Uzbek President Shavkat Mirziyoyev is to make his first visit to Tajikistan on March 9 to 10, where he is expected to work to restore relations between the two countries, which have been on the upswing in recent years but were once deeply embittered.
After the dissolution of the Soviet Union, Uzbekistan would involve itself in the then-raging Tajikistani Civil War, which eventually stalemated in 1997. Relations then collapsed over the sticking point of land ownership along the almost 1,000-mile border between the two nations. Uzbekistan lined much of the border with mines in the early 2000s, and several sections of it still remain under dispute.
The situation was severe enough that anonymous Western analysts told the New York Times that the situation amounted to an “undeclared cold war” in mid-2008.
But that has begun to change since Mirziyoyev took office. He replaced Islam Karimov, Uzbekistan’s first post-independence president, who ruled the country with an iron hand from 1991 until his death in September 2016.
Since taking power in Tashkent in December 2016, Mirziyoyev has positioned himself as a reformer — including improving Uzbekistan’s frosty relations with its neighbors. He has visited Kyrgyzstan once, Turkmenistan thrice, and Kazakhstan four times in just over a year in office.
Karimov traveled to Dushanbe only twice in his quarter-century-long presidency: once in 2008 and once in 2014, both times as part of Shanghai Cooperation Organization (SCO) multinational summits. No such qualification is attached to Mirziyoyev’s visit, making it a historic moment in the two countries’ relations.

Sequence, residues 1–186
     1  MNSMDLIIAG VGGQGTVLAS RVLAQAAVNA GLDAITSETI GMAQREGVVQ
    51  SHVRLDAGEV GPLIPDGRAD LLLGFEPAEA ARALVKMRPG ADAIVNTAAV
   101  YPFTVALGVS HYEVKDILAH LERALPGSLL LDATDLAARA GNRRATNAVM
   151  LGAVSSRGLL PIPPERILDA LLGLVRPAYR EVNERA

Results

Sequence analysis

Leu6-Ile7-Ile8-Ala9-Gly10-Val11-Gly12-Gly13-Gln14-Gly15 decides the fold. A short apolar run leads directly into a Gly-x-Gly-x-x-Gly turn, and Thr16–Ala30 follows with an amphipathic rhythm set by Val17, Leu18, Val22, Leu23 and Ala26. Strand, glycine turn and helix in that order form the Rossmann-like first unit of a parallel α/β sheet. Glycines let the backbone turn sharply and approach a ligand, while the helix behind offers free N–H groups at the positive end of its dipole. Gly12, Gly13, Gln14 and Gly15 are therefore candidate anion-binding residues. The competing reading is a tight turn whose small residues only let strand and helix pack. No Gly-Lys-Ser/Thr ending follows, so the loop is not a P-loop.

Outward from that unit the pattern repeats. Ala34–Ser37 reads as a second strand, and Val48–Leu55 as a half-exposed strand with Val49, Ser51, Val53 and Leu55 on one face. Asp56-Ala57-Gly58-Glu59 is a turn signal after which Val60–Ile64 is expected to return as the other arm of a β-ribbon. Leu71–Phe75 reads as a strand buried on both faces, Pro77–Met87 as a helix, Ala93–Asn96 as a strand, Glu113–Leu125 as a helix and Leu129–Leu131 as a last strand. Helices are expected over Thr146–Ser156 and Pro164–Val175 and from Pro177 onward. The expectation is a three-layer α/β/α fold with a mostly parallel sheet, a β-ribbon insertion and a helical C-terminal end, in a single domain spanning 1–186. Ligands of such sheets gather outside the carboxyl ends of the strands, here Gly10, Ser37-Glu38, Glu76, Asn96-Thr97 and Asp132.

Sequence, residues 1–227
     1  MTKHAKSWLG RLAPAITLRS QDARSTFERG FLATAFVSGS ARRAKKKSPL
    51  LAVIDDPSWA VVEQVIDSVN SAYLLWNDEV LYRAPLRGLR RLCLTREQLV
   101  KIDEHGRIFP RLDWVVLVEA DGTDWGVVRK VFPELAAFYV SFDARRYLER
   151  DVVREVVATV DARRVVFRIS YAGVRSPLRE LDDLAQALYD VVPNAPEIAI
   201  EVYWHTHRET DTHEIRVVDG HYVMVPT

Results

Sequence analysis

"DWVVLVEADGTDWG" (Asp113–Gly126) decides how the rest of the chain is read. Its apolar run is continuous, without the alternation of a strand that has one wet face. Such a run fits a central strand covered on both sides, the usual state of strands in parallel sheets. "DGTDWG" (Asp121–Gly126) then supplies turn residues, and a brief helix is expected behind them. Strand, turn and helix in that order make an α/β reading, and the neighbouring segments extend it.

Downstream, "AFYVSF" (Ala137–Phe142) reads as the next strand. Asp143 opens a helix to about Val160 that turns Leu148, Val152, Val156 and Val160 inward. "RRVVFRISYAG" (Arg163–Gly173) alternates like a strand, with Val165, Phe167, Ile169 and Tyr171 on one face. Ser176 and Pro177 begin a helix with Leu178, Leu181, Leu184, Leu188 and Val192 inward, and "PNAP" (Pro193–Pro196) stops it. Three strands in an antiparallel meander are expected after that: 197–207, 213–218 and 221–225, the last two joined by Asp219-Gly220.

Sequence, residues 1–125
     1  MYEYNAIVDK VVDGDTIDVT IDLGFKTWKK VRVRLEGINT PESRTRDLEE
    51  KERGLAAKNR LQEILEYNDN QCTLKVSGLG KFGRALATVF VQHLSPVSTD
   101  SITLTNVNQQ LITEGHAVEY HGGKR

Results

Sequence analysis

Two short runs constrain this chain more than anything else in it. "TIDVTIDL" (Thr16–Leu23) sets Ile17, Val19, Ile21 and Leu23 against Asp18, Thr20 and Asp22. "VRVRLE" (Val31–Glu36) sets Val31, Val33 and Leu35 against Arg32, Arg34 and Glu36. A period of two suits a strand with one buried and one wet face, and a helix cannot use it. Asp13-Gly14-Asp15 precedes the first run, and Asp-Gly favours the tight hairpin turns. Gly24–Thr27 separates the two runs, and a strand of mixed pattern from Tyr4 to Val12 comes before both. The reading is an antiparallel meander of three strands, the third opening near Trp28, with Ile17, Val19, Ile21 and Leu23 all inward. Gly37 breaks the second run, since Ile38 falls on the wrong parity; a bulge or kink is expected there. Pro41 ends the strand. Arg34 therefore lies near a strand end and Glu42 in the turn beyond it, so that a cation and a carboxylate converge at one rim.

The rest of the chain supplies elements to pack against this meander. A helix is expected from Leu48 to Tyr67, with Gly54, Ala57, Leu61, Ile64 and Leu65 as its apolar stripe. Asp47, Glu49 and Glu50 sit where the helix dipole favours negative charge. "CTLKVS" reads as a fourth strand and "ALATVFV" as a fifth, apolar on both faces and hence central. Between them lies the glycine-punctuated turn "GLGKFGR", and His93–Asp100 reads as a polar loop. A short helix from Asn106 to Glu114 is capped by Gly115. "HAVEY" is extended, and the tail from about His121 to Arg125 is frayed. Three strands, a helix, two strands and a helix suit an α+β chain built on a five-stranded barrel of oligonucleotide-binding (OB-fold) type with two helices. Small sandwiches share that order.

From 2010 until 2017, only two of the 16 checkpoints that allowed crossing between the two countries were open. On Thursday, Tashkent announced that they would reopen nine additional checkpoints, christening the event with a celebration rife with food and music.
Tashkent further resumed direct flights to Tajikistan for the first time since 1992. Uzbekistan may also abolish a toll on freight trucks and buses from Tajikistan entering the country, according to Asia Plus. They previously abolished a similar fee on rail freight.
Another sign of the thawing cold war is a local media report that Tajikistan will be entering the Uzbek energy market. “Tajikistan may start supplying electricity to a neighboring country at any time, but the restoration of 60 km of power lines connecting southern Uzbekistan with Tajikistan and the implementation of the relay protection and automation project in Tursunzade have not yet been completed, but work in this direction is accelerating,” an anonymous source told Azer News.
The slowly warming relationship between the once-bitter rivals has reaped financial dividends: the trade balance between the two nations in 2017 was $236.8 million, more than 20 percent higher than it was the year prior.